Monsanto regularly takes the honours as the most abhorred corporation, in amongst some noxious competitors. In 2012 Monsanto won the “Greenwash Award” for misinforming the public about its environmental credentials. It won the worst company of 2011 award. In 2009 it won the Angry Mermaid Award during the run-up to the failed Copenhagen climate change talks for misleadingly claiming its GM crops reduced CO2 emissions.

This long list of negative awards should be incredibly damaging to the company. However the investor community embraces rogue corporations and Monsanto’s shareholders have been richly rewarded for its bad behaviour. Were Monsanto an individual and not a corporation it would certainly have been sentenced to jail, probably indefinitely, for repeatedly breaking laws around the world. Yet corporations manage to evade responsibility for the sort of behaviour you or I cannot.

None of this is new. In 2002 Monsanto was found guilty of not only contaminating the town and surrounds of Anniston, Alabama with carcinogenic polychlorinated bi-phenyls (PCBs), but of covering up this pollution for decades. Beside being ordered to pay a paltry $800 000 settlement, it was found guilty of the crime of “outrage.” Outrage is legally defined as conduct “so outrageous in character and extreme in degree as to go beyond all possible bounds of decency so as to be regarded as atrocious and utterly intolerable in civilized society.” It really is difficult to beat that.

Monsanto not only opposed the Anniston case, it attempted to avoid prosecution through its sale of its chemical business to Solutia, insisting it was the problem of the new owner. It took exactly the same tack with its pollution of its ‘home town’ of Sauget, which originally was incorporated under the name of Monsanto in 1926.

In the US Monsanto is linked to nearly 100 superfund sites, two in Sauget alone, where its historical pollution is being remediated, mainly through taxpayer funds. It has managed to avoid similar responsibility in the UK as well. The infamous Vietnam War defoliant, Agent Orange, manufactured by Monsanto and others, was routinely contaminated with PCBs.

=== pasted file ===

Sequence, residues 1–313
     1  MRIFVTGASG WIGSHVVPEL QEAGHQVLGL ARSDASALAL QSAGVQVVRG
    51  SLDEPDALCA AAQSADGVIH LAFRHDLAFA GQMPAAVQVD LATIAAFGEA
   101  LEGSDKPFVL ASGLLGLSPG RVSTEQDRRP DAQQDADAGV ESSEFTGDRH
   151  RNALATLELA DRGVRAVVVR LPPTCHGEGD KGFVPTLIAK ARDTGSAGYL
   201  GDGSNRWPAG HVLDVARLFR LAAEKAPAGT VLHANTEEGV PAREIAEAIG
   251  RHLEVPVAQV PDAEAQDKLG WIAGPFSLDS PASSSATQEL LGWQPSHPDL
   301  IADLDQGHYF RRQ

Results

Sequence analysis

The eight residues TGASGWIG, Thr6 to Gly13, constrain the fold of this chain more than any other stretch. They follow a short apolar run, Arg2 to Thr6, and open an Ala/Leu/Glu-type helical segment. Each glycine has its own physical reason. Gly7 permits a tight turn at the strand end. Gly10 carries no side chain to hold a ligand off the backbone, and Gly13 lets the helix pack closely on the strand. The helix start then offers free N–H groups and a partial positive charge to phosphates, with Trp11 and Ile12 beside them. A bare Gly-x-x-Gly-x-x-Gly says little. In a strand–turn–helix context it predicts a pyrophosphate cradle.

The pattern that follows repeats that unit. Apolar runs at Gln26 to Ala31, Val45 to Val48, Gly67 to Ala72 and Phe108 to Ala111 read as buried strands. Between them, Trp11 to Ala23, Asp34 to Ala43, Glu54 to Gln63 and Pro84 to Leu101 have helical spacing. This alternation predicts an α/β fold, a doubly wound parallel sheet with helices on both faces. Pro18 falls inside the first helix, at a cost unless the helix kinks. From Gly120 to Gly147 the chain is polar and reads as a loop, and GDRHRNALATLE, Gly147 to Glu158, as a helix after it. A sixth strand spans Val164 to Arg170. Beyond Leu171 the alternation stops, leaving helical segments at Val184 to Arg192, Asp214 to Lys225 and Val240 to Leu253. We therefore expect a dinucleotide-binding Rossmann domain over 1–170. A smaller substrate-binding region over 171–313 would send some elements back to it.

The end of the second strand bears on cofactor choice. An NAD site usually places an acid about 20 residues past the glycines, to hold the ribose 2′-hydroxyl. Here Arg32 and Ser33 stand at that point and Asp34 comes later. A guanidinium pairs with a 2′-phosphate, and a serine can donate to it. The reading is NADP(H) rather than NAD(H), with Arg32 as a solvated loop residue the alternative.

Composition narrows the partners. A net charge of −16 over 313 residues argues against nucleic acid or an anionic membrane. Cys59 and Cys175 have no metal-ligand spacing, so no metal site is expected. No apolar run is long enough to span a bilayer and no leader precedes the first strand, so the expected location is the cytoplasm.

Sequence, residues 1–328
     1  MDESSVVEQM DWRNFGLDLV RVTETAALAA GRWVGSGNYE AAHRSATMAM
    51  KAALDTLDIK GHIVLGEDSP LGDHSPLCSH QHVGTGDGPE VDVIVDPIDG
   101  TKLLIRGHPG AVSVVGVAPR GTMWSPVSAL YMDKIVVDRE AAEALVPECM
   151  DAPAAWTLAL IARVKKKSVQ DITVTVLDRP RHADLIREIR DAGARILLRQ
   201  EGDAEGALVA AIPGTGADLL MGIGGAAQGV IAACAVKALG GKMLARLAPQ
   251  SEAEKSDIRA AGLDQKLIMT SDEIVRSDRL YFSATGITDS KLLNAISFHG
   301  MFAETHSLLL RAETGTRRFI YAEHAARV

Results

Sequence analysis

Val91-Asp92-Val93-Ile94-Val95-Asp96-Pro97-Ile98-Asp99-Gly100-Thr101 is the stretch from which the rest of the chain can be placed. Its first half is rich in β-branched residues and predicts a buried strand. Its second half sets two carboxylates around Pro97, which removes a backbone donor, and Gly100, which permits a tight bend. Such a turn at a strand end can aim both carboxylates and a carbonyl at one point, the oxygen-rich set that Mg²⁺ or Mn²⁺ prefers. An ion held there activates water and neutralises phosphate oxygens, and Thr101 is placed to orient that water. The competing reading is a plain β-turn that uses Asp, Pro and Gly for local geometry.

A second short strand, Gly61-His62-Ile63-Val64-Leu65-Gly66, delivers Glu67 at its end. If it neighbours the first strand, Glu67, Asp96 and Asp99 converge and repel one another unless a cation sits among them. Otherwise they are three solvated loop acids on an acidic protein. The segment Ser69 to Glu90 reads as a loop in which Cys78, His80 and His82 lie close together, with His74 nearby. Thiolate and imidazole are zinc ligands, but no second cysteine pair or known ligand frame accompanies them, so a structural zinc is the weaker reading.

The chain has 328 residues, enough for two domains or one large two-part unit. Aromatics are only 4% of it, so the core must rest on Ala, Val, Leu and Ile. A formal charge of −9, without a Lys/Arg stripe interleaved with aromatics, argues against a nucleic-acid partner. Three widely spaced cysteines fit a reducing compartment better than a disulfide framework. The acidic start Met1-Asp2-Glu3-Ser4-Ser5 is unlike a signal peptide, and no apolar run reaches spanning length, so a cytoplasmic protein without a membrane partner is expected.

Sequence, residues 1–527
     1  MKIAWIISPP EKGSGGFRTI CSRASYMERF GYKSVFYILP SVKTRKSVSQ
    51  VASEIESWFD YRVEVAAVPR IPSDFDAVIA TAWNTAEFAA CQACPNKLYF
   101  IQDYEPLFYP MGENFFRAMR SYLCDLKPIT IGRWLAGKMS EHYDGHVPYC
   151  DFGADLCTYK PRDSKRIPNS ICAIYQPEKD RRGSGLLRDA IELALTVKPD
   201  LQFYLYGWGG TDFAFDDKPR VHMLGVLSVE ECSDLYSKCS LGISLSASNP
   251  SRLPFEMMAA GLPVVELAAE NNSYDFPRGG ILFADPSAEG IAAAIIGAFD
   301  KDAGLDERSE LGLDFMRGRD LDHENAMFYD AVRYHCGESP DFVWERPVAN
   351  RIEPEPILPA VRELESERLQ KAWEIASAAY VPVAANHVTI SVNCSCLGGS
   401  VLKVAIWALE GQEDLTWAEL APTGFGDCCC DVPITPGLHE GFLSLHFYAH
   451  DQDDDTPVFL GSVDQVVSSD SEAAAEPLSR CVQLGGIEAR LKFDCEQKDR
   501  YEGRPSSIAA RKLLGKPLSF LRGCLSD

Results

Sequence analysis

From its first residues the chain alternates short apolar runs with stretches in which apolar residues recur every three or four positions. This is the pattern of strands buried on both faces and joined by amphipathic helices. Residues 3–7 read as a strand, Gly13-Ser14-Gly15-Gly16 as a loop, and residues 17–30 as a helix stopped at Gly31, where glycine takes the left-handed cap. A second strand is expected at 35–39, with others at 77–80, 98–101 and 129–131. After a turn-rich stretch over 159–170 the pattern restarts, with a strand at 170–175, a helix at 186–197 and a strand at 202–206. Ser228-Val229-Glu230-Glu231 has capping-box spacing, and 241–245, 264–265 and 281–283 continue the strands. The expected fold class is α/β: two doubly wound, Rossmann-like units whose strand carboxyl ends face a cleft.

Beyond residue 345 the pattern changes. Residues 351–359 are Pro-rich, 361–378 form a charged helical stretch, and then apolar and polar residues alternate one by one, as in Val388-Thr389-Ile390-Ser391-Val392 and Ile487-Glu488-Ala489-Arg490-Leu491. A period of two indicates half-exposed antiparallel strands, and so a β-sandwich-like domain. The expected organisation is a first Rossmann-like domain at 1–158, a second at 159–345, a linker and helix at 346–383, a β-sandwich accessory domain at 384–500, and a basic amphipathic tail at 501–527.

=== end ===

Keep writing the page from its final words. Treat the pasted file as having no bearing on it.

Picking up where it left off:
When Rachel Carson wrote her carefully researched book “Silent Spring,” outlining the dangers of agricultural chemicals and heralding the a emergence of the environmental movement, she was aggressively targeted by Monsanto, responsible for production of chemicals like DDT that she questioned. Monsanto parodied Carson’s book while viciously attempting to undermine her reputation and vilifying her as a “hysterical woman.” Tactics have changed very little with opponents of GM crops denigrated as luddites or unscientific.

Today Monsanto is better known for its GM crops than its chemicals. It is the world’s single biggest producer of genetically modified (GM) crops, responsible for around 95% of global GM plantings. The most widely grown GM crop, GM soy, is specifically engineered for resistance to Monsanto’s herbicide “Roundup”. The chemicals in Roundup have been linked to Parkinson’s, Alzheimer’s, cancer and gut disease, as well as having serious documented impacts on amphibians, fish, soil biota and other ecological processes. Needless to say herbicide resistant crops have sharply increased the use of chemicals. As weeds develop resistance more potent chemicals are needed and further GM crops are being introduced to resist these chemicals in turn.